Prosperity Watch Issue 47, No. 1: How Low Can North Carolina Go?

March 10, 2015

Cuts to unemployment benefits in North Carolina have made it harder for jobless workers to get back on their feet in an economy that is still providing too few jobs for those who want to work. New research from the Economic Policy Institute now finds that North Carolina has seen the steepest decline in the number of short-term jobless workers (those out of work for 26 weeks or less) who receive unemployment insurance. While nationally, the reach of state unemployment insurance has reached a historic low compared to the pre-Great Recession period with just 23 percent receiving state unemployment insurance, the decline in North Carolina’s recipiency means the program has drastically reduced support for workers who have lost their job and are looking for a new one. 

The analysis of short-term recipiency rates takes into account just those jobless workers who are accessing the traditional 26 week programs offered by the state and uses a 12-month moving average. Using this measure, North Carolina ranks 43rd in the percent of short-term unemployed workers, those who have been out of work for 26 weeks or less, who receive unemployment insurance for 2014. Just one in five North Carolinians who are out of work receive unemployment insurance compared to 35 percent of jobless workers nationally. This is down from the state’s rank of 24th in July 2013 when 36.8 percent of short-term unemployed workers received benefits.

Moreover, North Carolina has had the steepest decline in its recipiency rate since cuts went into effect.   Prior to the cuts, North Carolina had a recipiency rate just 1.3 percentage points below the rate of all other states that did not cut maximum durations, but now sits 17.1 percentage points below.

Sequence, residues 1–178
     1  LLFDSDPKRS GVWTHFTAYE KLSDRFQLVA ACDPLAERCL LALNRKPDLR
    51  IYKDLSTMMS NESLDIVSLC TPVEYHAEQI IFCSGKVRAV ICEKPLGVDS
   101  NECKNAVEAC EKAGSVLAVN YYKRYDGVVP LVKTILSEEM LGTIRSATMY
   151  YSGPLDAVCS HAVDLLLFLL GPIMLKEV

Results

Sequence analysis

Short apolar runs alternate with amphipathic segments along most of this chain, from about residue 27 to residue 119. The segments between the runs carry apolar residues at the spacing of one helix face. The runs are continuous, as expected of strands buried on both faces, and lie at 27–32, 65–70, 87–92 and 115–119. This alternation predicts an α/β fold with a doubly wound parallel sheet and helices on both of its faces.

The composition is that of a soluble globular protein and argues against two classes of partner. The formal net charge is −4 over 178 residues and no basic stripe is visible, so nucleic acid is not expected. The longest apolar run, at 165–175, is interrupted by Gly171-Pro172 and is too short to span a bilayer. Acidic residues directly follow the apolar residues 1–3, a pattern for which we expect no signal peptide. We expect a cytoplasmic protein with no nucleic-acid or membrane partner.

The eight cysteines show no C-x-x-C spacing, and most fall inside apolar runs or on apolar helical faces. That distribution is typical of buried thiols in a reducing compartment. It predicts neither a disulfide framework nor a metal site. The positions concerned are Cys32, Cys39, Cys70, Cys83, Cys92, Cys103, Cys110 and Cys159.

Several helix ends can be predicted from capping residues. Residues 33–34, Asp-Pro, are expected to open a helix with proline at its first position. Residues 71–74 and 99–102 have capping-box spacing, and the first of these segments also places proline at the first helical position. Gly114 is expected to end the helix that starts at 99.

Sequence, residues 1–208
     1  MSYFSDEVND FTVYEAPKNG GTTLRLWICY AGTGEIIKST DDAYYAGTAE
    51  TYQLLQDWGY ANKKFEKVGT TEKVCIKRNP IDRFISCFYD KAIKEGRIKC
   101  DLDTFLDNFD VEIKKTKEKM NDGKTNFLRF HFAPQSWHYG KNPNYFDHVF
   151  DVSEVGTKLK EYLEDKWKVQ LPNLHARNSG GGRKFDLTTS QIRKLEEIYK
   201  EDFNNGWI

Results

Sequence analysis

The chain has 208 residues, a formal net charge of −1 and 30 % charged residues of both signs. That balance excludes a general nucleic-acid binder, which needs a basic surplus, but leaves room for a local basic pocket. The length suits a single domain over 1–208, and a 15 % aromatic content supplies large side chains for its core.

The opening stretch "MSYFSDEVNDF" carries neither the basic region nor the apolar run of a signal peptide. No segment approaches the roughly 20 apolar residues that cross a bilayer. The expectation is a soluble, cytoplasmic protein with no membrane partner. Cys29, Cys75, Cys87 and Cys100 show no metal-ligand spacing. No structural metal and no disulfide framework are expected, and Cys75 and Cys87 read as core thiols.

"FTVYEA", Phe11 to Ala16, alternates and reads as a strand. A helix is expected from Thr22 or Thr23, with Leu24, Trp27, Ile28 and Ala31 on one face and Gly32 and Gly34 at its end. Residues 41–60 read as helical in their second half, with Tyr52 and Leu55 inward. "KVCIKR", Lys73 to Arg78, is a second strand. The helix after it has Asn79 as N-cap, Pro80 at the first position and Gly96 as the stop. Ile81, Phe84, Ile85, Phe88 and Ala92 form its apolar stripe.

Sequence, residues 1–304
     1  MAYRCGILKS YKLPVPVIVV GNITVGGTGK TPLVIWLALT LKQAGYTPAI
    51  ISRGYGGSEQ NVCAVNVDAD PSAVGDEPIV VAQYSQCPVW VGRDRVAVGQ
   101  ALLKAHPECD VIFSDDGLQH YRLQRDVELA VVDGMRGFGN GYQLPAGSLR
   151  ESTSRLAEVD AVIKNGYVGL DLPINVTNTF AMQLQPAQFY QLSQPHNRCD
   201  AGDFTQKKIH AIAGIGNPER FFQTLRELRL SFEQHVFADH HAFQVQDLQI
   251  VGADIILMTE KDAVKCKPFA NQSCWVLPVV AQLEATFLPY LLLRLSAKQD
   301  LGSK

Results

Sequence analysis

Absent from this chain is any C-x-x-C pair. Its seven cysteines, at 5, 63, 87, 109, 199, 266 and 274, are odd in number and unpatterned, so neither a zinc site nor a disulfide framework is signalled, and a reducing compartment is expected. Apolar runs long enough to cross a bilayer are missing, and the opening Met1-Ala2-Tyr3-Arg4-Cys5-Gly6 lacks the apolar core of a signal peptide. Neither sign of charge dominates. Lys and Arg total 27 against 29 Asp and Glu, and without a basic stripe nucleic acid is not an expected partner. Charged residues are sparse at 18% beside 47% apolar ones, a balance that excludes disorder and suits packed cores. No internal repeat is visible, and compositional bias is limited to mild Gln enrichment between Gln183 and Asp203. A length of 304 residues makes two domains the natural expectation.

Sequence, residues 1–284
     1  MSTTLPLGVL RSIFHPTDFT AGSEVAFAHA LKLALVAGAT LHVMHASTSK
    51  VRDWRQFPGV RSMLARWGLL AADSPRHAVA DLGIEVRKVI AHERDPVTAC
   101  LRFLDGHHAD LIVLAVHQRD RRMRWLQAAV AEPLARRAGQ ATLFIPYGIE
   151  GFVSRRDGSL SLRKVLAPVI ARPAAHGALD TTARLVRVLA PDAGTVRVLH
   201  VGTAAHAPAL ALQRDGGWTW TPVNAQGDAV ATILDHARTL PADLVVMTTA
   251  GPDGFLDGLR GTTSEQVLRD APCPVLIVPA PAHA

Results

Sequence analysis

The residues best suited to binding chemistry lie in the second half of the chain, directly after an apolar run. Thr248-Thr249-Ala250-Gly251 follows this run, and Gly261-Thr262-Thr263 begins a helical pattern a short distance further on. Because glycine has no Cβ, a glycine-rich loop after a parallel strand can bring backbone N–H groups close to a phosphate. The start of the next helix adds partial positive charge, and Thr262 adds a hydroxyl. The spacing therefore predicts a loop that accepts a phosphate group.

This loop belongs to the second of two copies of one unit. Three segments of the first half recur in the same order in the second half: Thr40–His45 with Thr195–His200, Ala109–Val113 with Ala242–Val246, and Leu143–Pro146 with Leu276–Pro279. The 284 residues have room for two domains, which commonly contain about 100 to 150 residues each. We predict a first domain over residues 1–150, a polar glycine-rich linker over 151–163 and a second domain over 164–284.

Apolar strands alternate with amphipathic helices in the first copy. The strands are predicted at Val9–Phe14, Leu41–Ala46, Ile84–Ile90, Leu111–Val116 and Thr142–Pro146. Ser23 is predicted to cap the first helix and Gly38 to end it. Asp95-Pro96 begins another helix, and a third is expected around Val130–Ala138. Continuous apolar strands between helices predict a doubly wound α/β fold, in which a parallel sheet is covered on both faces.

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Of course, recipiency of unemployment insurance should decline in a recovery.  As jobs return and workers move into employment, fewer people will receive unemployment insurance. That said, improving economic conditions do not fully explain the drop off in unemployment recipiency in North Carolina over the last few years. The recovery has not completely erased the challenges to finding employment in North Carolina and the national analysis shows that states reducing available weeks have seen far steeper declines in recipiency than states that did not. Policy choices are partly driving the historic decline in unemployment insurance’s reach. 

Low levels of recipiency in the unemployment insurance program reduce its effectiveness.  Unemployment insurance works by providing temporary and partial wage replacement to a sufficient share of jobless workers so that the economy doesn’t further fall into further decline.  With fewer consumers in the economy and fewer dollars available to purchase goods and services, businesses are often forced to cut back and families face a host of financial hardships—unpaid bills, mounting debt, declining savings and even foreclosure—both of which can further destabilize the broader economy.  Economists therefore recommend that unemployment insurance can best serve its income support and economic stabilizing role by maintaining higher recipiency rates.  Although a specific threshold has not been identified for recipiency to reach, it is certainly clear from the research that recipiency higher than it is today in North Carolina would go a long way to achieving essential stability goals for families and the broader economy.  

 

 

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